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TV Preview: Shania Twain ups her ante with concert special and new tour

Tuesday, August 19, 2003

By John Hayes, Post-Gazette Staff Writer

Thirty-four million albums.

That's more than Madonna, Whitney Houston, Celine Dion, Britney Spears, Christina Aguilera or Cher have sold. More than any other female solo artist. Ever.

Shania Twain's first concert in three yearsis the focus of tonight's TV special. (Paul Drinkwater, NBC)
Click photo for larger image.

"Shania Twain: Up! Live in Chicago"

WHEN: 8 tonight on NBC.

STARRING: Shania Twain.

If you trust the collective wisdom of mass populations to rate artistic quality through sales figures, Shania Twain is, by the numbers, the most talented female recording artist who has ever lived.

Skeptics, however, see Twain's reliance on costly and highly unorthodox marketing devices as evidence that her popularity was simply bought. Even tonight's NBC TV special -- a taped broadcast of her first concert in three years -- is seen by some as crass kickoff of an upcoming world tour that is likely to rake in many millions of dollars.

By the numbers, both sides in the Twain debate have plenty of ammunition.

But numbers are funny things -- they can prove anything. Take the number 1, which is how many new albums Twain released in 2002. Her top-selling "Up!" CD, still in the Top 40 after almost a year, includes 19 songs. Each song appears twice in the two-disc collection -- on a pop disc bouncing with keyboards and high-powered techno zooms, and again on a country disc twanging with fiddle fills and slide guitar.

Pick up "Up!" in Europe or the Far East, and the pop part is the same but the country side is sidelined, replaced with yet another CD containing the same 19 songs arranged with a subcontinental Indian-Asian vibe.

Even her biggest fans have got to admit that there's scant artistic reason to cough up that kind of production and manufacturing cash, unless the goal is to get out of the artistic-statement business and sell more units of digitized plastic. Either way, the strategy got Twain on country and pop stations on the niche-intensive U.S. airwaves, returned her to hit status in Europe and broke through cultural barriers in Asia. Pretty drastic marketing move for a small-town Canadian girl who swears that sales are a secondary consideration.

Observers like to credit or blame Twain's husband, mega-producer Mutt Lange, one of the richest men in the music business, for putting the "ka-ching" into songs that, according to some cynics, shed little light on the performer's personal life, break no new ground stylistically and simply sell a lot of records. Twain, however, prefers to credit the musical instincts of her fans, not her marketing capital, for her unprecedented commercial success.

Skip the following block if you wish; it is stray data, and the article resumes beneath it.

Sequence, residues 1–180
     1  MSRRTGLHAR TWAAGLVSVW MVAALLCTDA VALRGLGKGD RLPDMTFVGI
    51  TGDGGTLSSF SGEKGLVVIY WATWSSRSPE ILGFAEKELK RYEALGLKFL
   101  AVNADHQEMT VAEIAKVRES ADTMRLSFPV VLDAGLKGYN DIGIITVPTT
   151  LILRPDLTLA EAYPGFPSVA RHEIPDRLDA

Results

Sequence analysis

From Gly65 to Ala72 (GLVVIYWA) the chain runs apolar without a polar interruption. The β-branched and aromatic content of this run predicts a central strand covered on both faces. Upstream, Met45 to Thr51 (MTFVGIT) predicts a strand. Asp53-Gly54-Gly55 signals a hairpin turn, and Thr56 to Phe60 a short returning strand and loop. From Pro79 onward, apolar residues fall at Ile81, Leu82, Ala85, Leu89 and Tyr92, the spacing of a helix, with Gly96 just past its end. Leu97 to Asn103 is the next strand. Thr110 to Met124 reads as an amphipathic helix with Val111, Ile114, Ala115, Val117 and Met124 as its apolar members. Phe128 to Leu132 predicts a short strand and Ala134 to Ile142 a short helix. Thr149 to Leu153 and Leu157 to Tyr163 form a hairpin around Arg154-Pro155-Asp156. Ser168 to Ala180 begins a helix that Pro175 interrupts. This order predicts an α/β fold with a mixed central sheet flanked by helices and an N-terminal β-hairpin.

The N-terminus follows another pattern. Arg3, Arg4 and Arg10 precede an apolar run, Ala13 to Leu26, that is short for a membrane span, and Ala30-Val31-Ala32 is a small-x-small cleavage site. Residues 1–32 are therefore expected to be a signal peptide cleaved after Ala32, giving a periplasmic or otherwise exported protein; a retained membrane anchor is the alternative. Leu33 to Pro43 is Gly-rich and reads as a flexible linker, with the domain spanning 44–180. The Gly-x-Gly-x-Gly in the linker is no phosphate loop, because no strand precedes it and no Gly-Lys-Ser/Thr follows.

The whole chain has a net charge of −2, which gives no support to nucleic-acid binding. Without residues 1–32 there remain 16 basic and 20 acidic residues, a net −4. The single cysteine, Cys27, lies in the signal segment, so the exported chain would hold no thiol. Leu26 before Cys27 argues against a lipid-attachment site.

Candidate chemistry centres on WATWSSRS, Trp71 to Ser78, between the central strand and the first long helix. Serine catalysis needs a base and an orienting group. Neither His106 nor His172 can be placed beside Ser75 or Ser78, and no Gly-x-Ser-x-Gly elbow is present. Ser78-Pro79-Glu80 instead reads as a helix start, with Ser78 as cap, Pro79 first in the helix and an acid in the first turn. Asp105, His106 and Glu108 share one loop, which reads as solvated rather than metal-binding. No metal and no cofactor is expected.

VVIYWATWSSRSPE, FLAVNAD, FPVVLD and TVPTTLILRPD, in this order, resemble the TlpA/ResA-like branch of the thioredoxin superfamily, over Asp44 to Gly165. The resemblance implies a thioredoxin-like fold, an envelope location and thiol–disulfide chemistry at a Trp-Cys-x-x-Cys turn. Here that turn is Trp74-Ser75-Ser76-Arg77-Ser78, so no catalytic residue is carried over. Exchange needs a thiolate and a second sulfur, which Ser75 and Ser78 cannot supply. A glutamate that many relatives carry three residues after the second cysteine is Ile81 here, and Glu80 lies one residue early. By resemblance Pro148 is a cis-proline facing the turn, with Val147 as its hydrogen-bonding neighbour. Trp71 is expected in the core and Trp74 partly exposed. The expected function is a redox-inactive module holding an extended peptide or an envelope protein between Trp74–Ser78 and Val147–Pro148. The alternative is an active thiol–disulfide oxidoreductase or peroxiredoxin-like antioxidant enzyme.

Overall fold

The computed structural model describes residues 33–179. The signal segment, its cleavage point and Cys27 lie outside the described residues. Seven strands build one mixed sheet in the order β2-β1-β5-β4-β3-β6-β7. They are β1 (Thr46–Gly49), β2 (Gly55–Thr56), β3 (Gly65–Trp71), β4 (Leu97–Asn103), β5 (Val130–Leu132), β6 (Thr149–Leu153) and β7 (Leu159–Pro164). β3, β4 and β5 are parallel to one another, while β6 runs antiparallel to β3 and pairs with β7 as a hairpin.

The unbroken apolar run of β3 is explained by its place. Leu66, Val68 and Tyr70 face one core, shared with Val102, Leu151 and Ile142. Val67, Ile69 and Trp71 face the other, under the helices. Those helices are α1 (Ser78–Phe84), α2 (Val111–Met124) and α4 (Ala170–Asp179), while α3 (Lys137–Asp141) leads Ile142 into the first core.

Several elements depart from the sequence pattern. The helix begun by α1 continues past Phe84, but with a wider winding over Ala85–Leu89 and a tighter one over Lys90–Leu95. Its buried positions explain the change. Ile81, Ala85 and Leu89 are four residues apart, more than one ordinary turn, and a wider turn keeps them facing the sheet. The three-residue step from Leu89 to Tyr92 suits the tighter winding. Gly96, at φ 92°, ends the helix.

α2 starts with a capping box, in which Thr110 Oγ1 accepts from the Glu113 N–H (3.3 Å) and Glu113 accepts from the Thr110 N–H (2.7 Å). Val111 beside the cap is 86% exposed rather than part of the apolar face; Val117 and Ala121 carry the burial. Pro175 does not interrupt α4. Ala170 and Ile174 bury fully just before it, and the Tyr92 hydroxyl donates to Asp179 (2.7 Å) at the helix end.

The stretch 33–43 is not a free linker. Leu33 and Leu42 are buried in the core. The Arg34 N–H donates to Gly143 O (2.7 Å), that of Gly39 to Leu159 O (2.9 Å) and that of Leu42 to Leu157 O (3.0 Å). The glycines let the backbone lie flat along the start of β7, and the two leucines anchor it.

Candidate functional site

She says it's all about the people.

"What I enjoy about ["Up!"] is that people pick different versions that they like," she says in a conference call with reporters shortly after taping the TV special. "A mother and daughter might like the same song, but like different versions. That was the whole idea behind it. Just having the choice and sharing that diversity."

She's got a point there about having a broad audience. Supporters say it's because her music is bouncy, inoffensive and appetizing to almost everyone, while those aforementioned cynics say her stuff is bouncy, benign and lucratively appeals to the lowest common denominator of public taste.

"There are so many unknowns," she says. "At a show I'll see a group of five or six 20-year-old guys standing around and a group of 16-year-old girls and elderly couples and parents with their kids. That is something that's the same everywhere I go."

Not that she's been out and about recently. For several years, Twain has been holed up in a secluded Swiss chateau with Lange and their toddler, eating vegan, meditating and, she says, "singing 'Hi Diddle Diddle' at bedtime."

"I don't think any of these things are a science," she says. "The only thing that it boils down to is that my audience is wide. Some of my fans are concert-goers, some see me on TV, some just buy the records. There isn't just one demographic. That's the only sense I can make of it."

The two-hour TV special shows Twain at a Chicago Cubs game, on a river boat and performing for 50,000 fans in the city's Grant Park.

But, "the NBC special is very different from the concert tour," she says. "Different setup, different production. ... One song may sound more like the [pop] version, but we'll have a fiddle playing on it, and vice versa. And the live versions, in a lot of cases, aren't like any of the three [studio] versions. I like to treat a live [production] like it's its own beast."

Tour dates have yet to be announced. But in the interim, Twain wants you to forget about marketing strategies, listener demographics, sales charts, 34 million albums sold and the impending "ka-ching" of a concert tour that industry analysts predict will be a blockbuster.

"It's my first time on a concert stage in three years," she says. "For me, it's like I never really left the stage. ... It's more of a reunion."

John Hayes can be reached at or 412-263-1991.

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